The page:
Steve Mnuchin's wife Louise Linton says she 'was deeply depressed for a while': 'It sucks being hated'

Raechal Shewfelt
Editor, Yahoo Entertainment
Louise Linton attends the swearing-in ceremony of Treasury Secretary Steven Mnuchin on Feb. 13, 2017, at the White House in Washington, D.C. (Photo: MANDEL NGAN/AFP/Getty Images)

Louise Linton, an actress and producer who’s married to President Trump’s Treasury secretary Steve Mnuchin, realizes that she’s in a unique position.

“I have the high honor of being the only person who has been compared to Marie Antoinette, Darth Vader and Cruella de Vil at once,” Linton says in a new interview with Los Angeles Magazine.

Linton quickly became loathed by the masses in 2017 when the internet spotted her living the high life as the spouse of someone on the government payroll. She added hashtags identifying her designer threads when she traveled with Mnuchin and then publicly slammed one of her critics. She infamously wore leather opera gloves during a visit to the Bureau of Engraving and Printing in Washington, D.C.

Louise Linton poses with husband Steve Mnuchin for a photograph on Nov. 15, 2017, at the U.S. Bureau of Engraving and Printing in Washington, D.C. (Photo: Andrew Harrer/Bloomberg)

In the new interview, Linton, 38, seems to have a sense of humor about it all and points out that she’s apologized multiple times. She says that, through the hate that she’s received over the internet, her husband has been supportive and the White House has remained silent.

She regrets some of her earlier moves, even without someone admonishing her. She attributes it to a lack of experience.

“It all happened so fast: I went from regular girl, an actress trying to make it in Hollywood, to a Cabinet spouse in one of the most polarizing administrations ever. It was overwhelming,” Linton says. “I love my husband and I wanted to support him, but the transition to Washington has been my hardest experience. I felt very lonely and isolated; I didn’t have any friends there. I never got much guidance. You know that movie The Princess Diaries, where a mentor held her hand saying, ‘Walk this way. Talk this way. Do this; don’t do that’? Well, I didn’t have anyone like that. No one hands you a guidebook when you get off the plane in D.C. The only people waiting for you are the press.”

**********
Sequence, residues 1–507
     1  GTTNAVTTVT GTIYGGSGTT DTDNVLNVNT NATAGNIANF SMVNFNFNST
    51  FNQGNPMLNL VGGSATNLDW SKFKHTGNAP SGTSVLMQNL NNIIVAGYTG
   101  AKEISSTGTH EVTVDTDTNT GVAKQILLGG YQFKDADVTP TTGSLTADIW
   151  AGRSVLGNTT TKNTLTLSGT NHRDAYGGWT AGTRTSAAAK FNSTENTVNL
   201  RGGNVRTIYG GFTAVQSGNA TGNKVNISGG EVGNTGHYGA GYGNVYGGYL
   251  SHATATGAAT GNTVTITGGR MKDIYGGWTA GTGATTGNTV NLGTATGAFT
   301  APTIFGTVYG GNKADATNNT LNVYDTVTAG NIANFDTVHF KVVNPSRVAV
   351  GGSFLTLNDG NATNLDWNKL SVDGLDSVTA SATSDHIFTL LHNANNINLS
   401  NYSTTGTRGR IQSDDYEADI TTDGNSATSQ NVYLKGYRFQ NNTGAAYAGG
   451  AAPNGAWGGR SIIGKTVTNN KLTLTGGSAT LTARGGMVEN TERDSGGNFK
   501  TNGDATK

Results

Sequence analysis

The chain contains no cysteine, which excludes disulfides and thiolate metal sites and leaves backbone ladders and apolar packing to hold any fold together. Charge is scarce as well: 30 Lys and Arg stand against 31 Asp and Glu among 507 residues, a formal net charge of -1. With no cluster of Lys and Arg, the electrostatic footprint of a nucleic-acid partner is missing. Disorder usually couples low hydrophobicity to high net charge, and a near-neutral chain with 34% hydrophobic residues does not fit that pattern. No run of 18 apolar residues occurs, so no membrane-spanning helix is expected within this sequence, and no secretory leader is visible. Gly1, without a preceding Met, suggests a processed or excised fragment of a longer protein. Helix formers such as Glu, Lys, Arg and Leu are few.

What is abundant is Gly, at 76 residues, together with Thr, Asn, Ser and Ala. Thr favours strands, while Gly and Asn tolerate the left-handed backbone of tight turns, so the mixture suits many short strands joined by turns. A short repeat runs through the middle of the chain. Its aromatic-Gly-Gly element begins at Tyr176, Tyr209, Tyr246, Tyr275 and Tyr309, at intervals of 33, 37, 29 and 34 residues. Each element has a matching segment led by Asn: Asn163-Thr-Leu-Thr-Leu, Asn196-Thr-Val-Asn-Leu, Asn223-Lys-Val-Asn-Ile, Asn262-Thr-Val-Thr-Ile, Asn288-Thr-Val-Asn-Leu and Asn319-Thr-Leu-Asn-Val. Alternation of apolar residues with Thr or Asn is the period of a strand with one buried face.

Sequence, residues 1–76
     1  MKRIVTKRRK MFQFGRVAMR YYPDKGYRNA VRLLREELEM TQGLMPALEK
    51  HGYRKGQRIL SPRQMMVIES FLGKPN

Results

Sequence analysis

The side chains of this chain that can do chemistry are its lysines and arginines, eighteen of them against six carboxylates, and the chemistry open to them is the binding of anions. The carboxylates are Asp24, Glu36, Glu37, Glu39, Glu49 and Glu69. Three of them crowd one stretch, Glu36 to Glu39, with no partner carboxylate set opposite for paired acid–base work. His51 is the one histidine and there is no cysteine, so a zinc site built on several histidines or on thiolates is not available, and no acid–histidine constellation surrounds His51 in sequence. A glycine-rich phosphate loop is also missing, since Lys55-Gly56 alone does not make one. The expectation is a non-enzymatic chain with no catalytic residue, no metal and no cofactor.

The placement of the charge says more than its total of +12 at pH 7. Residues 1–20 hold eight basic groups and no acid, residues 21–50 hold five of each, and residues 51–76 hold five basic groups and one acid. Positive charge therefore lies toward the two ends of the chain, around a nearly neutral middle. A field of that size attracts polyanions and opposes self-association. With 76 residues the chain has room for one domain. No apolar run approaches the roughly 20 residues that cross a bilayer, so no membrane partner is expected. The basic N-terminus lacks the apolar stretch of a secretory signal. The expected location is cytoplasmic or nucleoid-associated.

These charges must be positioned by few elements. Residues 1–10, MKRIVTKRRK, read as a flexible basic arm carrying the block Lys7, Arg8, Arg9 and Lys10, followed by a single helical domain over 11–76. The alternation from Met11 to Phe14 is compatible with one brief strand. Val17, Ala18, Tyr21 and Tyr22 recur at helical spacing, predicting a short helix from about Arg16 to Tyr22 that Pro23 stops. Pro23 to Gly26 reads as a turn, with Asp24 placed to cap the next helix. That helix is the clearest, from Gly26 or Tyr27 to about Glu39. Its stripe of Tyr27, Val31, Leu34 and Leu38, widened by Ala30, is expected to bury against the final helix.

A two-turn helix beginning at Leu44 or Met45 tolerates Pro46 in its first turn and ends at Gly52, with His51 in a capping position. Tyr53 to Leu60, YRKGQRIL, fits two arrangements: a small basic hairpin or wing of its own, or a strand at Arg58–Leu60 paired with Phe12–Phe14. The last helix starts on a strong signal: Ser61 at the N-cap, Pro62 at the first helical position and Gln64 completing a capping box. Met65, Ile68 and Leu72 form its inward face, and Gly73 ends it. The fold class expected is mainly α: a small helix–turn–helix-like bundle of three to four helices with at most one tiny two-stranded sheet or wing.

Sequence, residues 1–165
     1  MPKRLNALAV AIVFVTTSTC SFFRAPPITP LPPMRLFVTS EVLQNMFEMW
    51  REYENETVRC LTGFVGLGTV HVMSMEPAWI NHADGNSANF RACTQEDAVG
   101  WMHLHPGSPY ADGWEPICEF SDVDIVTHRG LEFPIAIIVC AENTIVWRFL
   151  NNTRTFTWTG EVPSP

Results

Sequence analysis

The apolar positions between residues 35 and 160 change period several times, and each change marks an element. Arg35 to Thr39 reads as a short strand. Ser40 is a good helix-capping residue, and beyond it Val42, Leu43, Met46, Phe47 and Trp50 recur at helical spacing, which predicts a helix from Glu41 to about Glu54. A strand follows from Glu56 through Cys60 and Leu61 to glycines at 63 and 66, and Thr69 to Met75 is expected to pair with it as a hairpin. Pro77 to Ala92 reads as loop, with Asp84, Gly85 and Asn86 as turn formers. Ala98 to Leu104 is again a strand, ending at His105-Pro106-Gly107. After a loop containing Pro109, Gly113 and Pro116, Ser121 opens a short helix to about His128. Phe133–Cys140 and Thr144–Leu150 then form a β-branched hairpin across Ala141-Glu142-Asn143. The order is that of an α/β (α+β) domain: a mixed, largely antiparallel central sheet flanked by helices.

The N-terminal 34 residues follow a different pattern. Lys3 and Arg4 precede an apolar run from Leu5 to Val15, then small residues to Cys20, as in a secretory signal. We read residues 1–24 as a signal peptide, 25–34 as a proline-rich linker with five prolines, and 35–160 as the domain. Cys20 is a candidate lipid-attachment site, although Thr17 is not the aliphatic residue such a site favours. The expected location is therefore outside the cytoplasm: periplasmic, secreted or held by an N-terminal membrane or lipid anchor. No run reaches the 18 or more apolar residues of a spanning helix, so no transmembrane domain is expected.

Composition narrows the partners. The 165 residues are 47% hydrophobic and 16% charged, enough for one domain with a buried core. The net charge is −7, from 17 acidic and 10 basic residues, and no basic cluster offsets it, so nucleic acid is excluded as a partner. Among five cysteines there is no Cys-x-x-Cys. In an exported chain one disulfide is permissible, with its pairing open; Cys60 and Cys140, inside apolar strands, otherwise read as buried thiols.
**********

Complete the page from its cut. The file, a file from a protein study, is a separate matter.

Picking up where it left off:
Linton explains that Trump’s wife Melania and Vice President Mike Pence’s wife Karen were new to town themselves, so they couldn’t offer advice.

“And as far as I know, there really isn’t a PR firm for people who suddenly become Cabinet spouses, ya know? The partners of ambassadors and congressional spouses get to go to a training camp! Cabinet spouses get nothing. Being married to someone so high up in government, it surprised me that there was no one there to step in, as I’m sure they do, for the first lady or for Meghan Markle or Kate Middleton! I’m sure the palace gave them meticulous advice about how to adjust to public life.”

That might have kept her from making some newcomer mistakes, such as wearing those gloves.

“You’ve heard of ‘cold cash’ right? They call it that because it’s kept freezing cold there,” Linton says. “I was warned ahead of time so I came prepared. But I certainly didn’t expect to be in any photographs. My mistake was when Steven said, ‘Hey, honey, this is cool; step in this picture.’ I didn’t say, ‘Wait a minute, let me take my gloves off, Steven.’ I look like a crazy person. I look like Darth Vader!”

When the interviewer asks Linton about why she didn’t “lay low” following her public controversies, she corrects her.

“I did lay low! I was deeply depressed for a while. But it sucks being perceived as a person that you’re not; it sucks being hated,” Linton says. “Most people know me for the gloves or the plane or that awful Instagram post. …Look, I made some rookie mistakes. I understand why people are angry about me getting off that government plane tagging fashion brands. It was a stupid thing to do. I get why everyone rolled their eyes at the opera gloves. But this caricature of me is the opposite of the girl I actually am. I run a business; I have several movies coming out. I can’t hide out for another five years.”

Writer Maer Roshan describes Linton in the lengthy piece as “alternately bubbly, naive, canny, funny, and self-centered, given to earnest soliloquies and melodramatic flourishes” and notes that, when it began to rain during one of their interview sessions, she quickly changed into a swimsuit and dove into the pool with full makeup.

Linton shuts down any suggestion that she’s poised to have an influence on the administration, which she disagrees with in the treatment of animals and the LGBTQ community. “It doesn’t work like that,” she says, noting that she has gone to the White House as a regular citizen to advocate for animals.

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